Quick question: What is the best way to store vegetables in the refrigerator? I have a small crisper drawer and lots of vegetables from the CSA box. I don’t want to use plastic bags but unfortunately they work well. Any suggestions? Thanks!
Did you say CSA box? You mean, you subscribed to a Community Supported Agriculture farm and are receiving weekly boxes of delicious, fresh, local vegetables? And you need to store them properly so as to have tasty, vegetable-centered meals for every day of the week until you get your box again? Is that what you mean? Me, too! Go CSA go!
By the way, Mark Bittman wrote an excellent article recently in The New York Times about how to eat less meat — not why, just how. Highly recommended, fellow environmentalists.
As we discuss the urgent issue of keeping yummy produce fresh, please keep in mind that there is little environmental distinction between the overall footprints of plastic bags and paper bags. I recommend using both bags, in various situations, meaning: recycled-content, PVC-free, phthalate-free, reused (if possible) bags of either type. As found in your local hippie food store, your mainstream-but-paying-attention-to-trends grocery, or online.
Now, some general tips on storing produce:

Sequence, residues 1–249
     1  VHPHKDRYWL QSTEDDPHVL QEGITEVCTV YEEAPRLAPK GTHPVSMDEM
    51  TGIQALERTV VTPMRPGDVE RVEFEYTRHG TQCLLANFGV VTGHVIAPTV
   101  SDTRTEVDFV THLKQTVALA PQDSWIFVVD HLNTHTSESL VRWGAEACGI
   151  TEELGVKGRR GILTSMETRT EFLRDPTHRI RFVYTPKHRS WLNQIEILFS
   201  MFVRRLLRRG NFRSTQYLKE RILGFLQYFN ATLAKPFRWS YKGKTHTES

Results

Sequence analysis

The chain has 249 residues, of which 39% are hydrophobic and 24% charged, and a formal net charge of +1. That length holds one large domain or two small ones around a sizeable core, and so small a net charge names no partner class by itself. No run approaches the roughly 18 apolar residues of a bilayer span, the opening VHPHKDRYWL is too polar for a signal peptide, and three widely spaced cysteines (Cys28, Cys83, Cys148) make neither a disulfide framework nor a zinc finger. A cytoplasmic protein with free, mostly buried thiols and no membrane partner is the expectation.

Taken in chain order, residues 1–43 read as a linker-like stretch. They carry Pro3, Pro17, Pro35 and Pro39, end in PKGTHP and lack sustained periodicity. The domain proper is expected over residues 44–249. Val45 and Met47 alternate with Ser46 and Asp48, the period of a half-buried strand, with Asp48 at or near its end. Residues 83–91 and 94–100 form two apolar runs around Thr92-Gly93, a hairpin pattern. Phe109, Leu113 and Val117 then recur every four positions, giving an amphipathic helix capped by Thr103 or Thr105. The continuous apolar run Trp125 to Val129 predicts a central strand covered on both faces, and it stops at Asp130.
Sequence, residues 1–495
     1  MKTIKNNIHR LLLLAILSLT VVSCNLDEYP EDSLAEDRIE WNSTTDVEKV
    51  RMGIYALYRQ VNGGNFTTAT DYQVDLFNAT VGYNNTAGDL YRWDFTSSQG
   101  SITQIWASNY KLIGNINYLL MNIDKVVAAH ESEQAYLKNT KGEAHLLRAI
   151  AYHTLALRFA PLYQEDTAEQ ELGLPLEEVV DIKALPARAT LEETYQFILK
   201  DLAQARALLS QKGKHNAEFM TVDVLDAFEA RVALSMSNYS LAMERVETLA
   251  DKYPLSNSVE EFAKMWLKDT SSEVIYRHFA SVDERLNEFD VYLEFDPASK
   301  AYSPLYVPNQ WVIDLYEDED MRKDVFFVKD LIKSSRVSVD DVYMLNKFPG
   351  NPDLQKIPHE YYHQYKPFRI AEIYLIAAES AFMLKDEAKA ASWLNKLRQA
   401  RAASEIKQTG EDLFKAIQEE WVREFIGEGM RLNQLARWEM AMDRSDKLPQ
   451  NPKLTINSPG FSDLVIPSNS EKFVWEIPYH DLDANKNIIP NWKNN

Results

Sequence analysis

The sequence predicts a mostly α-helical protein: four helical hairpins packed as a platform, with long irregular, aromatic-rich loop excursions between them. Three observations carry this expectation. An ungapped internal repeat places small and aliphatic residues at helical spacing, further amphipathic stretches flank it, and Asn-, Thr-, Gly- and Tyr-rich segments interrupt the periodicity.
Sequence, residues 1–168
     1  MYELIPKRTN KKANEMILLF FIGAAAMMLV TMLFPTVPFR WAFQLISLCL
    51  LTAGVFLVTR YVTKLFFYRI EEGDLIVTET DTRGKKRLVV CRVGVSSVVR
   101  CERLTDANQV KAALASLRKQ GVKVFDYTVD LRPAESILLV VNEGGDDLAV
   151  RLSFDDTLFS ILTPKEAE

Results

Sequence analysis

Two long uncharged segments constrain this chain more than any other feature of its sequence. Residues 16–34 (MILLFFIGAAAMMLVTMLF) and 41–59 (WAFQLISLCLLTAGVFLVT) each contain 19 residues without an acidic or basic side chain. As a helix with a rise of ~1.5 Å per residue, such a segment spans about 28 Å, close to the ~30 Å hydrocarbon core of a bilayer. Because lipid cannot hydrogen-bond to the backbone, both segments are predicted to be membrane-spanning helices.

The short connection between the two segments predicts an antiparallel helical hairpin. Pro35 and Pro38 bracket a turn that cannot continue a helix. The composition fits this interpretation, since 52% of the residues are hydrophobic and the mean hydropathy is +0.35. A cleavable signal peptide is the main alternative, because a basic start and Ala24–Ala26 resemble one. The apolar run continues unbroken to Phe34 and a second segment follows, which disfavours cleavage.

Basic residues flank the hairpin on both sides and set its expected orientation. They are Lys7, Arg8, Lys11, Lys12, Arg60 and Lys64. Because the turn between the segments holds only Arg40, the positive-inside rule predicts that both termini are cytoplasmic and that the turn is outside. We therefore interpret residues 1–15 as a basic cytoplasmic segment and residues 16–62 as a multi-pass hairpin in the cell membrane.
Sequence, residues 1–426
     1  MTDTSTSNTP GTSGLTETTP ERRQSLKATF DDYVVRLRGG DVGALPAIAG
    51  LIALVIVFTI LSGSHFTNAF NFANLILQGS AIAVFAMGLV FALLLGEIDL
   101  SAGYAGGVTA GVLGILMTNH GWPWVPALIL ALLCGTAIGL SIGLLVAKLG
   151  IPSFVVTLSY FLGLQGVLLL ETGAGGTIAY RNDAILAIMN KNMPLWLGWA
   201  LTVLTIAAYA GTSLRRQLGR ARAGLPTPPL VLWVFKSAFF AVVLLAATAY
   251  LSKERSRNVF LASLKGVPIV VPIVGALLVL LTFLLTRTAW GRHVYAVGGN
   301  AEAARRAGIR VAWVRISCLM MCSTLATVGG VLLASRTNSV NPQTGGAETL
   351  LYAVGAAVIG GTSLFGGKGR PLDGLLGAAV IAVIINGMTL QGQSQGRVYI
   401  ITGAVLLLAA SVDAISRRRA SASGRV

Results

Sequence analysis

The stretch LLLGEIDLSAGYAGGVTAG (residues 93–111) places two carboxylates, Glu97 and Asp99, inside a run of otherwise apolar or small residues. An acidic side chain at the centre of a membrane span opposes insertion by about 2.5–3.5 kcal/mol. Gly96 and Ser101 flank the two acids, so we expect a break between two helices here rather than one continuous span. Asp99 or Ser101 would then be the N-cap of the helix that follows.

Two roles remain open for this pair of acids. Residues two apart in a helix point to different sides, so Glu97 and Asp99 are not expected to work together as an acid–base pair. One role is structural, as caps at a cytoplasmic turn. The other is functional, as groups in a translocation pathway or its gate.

1) Most fruit should be kept out of the fridge unless it is on the verge of spoilage. Everything traditionally known as fruit is included in this rule, plus tomatoes, but not zucchini. The fridge is a dry environment, and it dries out the fruit, fills it with strange fridge-odor-derived flavors, and kills the taste.
2) There is no need to refrigerate potatoes, onions, or garlic as long as you have a cool, dry cupboard in your home.
3) Much produce suffers from being washed and then stored. Especially do not store washed basil or mushrooms in a plastic bag; you will end up sad. I like to wash all my lettuce-y items at once and quickly pull them out for salads later, which presents the wetness problem. If I do have wet lettuce or salad mix or basil, I put it in a paper bag and then into a plastic bag; others add a paper towel inside the plastic. Somehow the paper absorbs the moisture out of the leaves, yet keeps them moist enough that they don’t wilt. I think turnip greens, beet greens, and other tough greens might benefit from light washing before storage — I’ve read conflicting things and have never tried washing them. We’ll have to experiment.
4) As you know from experience, almost all other veggies will wilt, shrivel, pucker, and rot at a more rapid pace if not encased in some type of vapor barrier. I’ve never found a crisper drawer that works, so I use and reuse plastic bags, which trap some of the moisture and delay spoilage. (There seems to be a fine line between enclosing natural moisture in a plastic bag and adding moisture in the form of washing.) Any closed container should also work, including Tupperware-type containers made of plastic or glass — Pyrex makes a few.
Think how much moister your own skin would be if you wore plastic bags close to the skin on a daily basis. Since applying lotion to a vegetable will never make it appear younger and fresher, we must resort to using bags or resealable containers. And we must consume our vegetables on a first-to-rot, first-to-eat schedule.
Have a great time with your summer produce, and don’t worry too much about which type of bag you use. Fresh, healthy, local food is a higher priority.